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(3)Ayala Life Assurance, Inc. v. Ray Burton Development Corporation, GR No.

163075,
January 23, 2006

FACTS
On December 22, 1995, Ayala Life Assurance, Inc., petitioner, and Ray Burton Development
Corporation, respondent, entered into a contract denominated as a Contract to Sell, with a Side
Agreement of even date. In these contracts, petitioner agreed to sell to respondent a parcel of land, with
an area of 1,691 square meter, situated at Ayala Alabang Village, Muntinlupa City. The purchase price of
the is P55,000.00 per square meter or a total of P93,005,000.00.

The contract contains a stipulation in paragraphs 3 and 3.1 for an Event of Default. It provides that in
case the purchaser (respondent) fails to pay any installment for any reason not attributable to the seller
(petitioner), the latter has the right to assess the purchaser a late penalty interest on the unpaid
installment at two (2%) percent per month, computed from the date the amount became due until full
payment thereof. And if such default continues for a period of six (6) months, the seller has the right
to cancel the contract without need of court declaration by giving the purchaser a written notice of
cancellation. In case of such cancellation, the seller shall return to the purchaser the amount he
received, less penalties, unpaid charges and dues on the property.

Respondent paid thirty (30%) down payment and the quarterly amortization, including the one that fell
due on June 22, 1998. However, on August 12, 1998, respondent notified petitioner in writing that it will
no longer continue to pay due to the adverse effects of the economic crisis to its business. Respondent
then asked for the immediate cancellation of the contract and for a refund of its previous payments as
provided in the contract.

Petitioner refused to cancel the contract to sell. Instead, it filed with the Regional Trial Court, Branch
66, Makati City, a complaint for specific performance against respondent demanding from the latter the
payment of the remaining unpaid quarterly installments beginning September 21, 1999 in the total sum
of P33,242,382.43, inclusive of interest and penalties.

Respondent, in its answer, denied any further obligation to petitioner, asserting that on August 12, 1998,
it (respondent) notified the latter of its inability to pay the remaining installments. Respondent invoked
the provisions of paragraphs 3 and 3.1 of the contract to sell providing for the refund to it of the amounts
paid, less interest and the sum of 25% of all sums paid as liquidated damages.

The trial court rendered a Decision holding that respondent transgressed the law in obvious bad faith and
ordered the respondent to pay the unpaid balanced of the principal amount as agreed plus the penalties.
On appeal before the Court of Appeals, the CA reversed and set aside the the decision of RTC and
ordered Ayala life to refund all sums paid under the Contract to Sell. It ruled that its failure to pay the
price in full is not a breach of contract but merely an event that prevents petitioner from conveying the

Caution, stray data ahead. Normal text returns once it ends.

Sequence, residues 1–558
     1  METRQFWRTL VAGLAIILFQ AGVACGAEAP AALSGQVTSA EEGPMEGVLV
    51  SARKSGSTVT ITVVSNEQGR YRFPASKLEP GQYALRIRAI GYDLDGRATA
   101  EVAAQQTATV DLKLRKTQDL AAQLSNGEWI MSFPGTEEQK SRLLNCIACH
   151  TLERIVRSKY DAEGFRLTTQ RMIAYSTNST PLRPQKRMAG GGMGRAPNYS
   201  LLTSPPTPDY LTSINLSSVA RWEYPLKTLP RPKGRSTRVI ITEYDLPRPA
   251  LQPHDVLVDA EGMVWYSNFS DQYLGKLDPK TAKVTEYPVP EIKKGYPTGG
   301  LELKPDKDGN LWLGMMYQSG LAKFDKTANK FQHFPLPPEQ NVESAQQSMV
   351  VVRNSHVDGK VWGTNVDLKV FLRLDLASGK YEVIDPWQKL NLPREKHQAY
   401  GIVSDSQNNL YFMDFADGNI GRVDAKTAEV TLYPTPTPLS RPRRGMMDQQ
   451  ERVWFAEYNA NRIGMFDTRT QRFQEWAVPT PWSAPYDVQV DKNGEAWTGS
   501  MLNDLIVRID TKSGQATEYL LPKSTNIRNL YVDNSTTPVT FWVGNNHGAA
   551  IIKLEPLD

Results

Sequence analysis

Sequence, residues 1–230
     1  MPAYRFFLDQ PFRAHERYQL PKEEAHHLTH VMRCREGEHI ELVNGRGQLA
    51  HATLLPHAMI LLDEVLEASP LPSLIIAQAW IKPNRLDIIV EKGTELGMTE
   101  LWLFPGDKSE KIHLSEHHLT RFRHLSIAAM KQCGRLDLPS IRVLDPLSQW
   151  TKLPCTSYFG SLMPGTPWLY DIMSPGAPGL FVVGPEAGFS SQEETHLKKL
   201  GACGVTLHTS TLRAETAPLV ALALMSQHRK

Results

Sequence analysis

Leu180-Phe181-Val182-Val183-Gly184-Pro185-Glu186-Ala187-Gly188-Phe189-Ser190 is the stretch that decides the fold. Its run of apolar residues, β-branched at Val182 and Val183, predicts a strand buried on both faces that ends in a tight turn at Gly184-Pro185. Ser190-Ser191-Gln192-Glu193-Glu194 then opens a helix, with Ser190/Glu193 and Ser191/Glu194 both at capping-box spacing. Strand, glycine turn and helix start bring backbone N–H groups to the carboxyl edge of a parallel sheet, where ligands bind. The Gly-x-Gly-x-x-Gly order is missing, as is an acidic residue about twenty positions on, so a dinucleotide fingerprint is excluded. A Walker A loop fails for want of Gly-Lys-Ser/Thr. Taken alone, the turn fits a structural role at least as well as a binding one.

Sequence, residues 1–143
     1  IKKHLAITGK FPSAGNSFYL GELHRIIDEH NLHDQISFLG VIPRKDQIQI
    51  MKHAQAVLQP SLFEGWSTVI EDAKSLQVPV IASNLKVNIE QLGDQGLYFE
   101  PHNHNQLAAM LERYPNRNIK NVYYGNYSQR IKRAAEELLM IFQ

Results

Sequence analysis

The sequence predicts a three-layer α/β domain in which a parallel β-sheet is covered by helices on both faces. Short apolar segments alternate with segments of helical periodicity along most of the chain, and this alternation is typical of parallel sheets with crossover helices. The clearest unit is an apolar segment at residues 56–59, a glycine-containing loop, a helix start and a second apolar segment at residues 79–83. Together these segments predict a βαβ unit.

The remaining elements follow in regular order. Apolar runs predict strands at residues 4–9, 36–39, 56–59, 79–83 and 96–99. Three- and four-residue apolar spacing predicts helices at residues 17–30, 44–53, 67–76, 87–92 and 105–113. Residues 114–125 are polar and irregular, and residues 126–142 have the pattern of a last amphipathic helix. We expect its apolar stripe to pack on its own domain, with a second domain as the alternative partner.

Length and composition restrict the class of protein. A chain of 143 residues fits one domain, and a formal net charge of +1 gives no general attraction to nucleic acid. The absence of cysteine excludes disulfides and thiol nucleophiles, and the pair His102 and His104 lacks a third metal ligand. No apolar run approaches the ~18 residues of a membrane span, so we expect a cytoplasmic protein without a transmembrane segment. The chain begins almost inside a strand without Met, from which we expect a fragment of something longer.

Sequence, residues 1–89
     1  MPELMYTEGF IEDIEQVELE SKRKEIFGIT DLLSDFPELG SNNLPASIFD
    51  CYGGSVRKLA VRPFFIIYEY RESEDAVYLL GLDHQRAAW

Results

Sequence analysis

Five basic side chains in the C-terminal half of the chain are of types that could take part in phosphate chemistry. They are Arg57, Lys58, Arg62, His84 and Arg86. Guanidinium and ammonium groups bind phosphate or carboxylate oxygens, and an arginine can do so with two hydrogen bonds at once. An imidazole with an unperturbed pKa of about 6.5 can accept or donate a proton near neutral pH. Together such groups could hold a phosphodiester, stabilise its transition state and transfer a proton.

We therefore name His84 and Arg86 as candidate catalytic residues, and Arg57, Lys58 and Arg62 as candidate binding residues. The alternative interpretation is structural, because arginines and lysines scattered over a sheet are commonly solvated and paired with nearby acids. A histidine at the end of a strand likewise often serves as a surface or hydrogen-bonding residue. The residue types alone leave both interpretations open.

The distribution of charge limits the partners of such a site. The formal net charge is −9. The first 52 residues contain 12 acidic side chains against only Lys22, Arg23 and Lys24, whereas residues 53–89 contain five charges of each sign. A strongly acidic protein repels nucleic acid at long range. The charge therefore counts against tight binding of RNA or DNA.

title to respondent. Under such a situation, a cause of action for specific performance does not
arise. What should govern the parties relation are the provisions of their contract on the Event of Default
stated earlier.

ISSUE
1.) Is the failure to pay the price in full tantamount to breach of contract in Contract to sell, wherein the
seller may resort to action for specific performance?

RULING
1.) NO. Under a contract to sell, the title of the thing to be sold is retained by the seller until the purchaser
makes full payment of the agreed purchase price. Such payment is a positive suspensive condition, the
non-fulfillment of which is not a breach of contract but merely an event that prevents the seller from
conveying title to the purchaser. The non-payment of the purchase price renders the contract to sell
ineffective and without force and effect. Thus, a cause of action for specific performance does not arise.
In Rayos v. Court of Appeals, we held:

x x x Construing the contracts together, it is evident that the parties executed a contract to sell and not a
contract of sale. The petitioners retained ownership without further remedies by the respondents until
the payment of the purchase price of the property in full. Such payment is a
positive suspensive condition, failure of which is not really a breach, serious or otherwise, but an event
that prevents the obligation of the petitioners to convey title from arising, in accordance with Article 1184
of the Civil Code.

The non-fulfillment by the respondent of his obligation to pay, which is a suspensive condition to the
obligation of the petitioners to sell and deliver the title of the property, rendered the contract to sell and
deliver the title to the property, rendered the contract to sell ineffective and without force and effect. The
parties stand as if the conditional obligation had never existed. Article 1191 of the New Civil Code will not
apply because it presupposes an obligation already extant. There can be no rescission of an obligation
that is still non-existing, the suspensive condition not having happened.